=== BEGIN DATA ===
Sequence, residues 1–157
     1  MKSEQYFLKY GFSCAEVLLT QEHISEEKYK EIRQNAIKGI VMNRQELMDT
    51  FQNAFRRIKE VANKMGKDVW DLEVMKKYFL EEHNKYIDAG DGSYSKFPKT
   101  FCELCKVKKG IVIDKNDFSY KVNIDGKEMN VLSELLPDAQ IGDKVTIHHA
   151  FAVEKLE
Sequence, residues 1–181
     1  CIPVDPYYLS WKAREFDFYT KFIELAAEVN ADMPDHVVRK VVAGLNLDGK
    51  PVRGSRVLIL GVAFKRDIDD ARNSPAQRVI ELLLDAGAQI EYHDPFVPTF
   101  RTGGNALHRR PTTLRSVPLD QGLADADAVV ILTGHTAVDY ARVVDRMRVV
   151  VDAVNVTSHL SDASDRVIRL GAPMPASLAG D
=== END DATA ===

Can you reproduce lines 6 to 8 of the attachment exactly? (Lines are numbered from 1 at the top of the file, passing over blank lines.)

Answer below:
Sequence, residues 1–181
     1  CIPVDPYYLS WKAREFDFYT KFIELAAEVN ADMPDHVVRK VVAGLNLDGK
    51  PVRGSRVLIL GVAFKRDIDD ARNSPAQRVI ELLLDAGAQI EYHDPFVPTF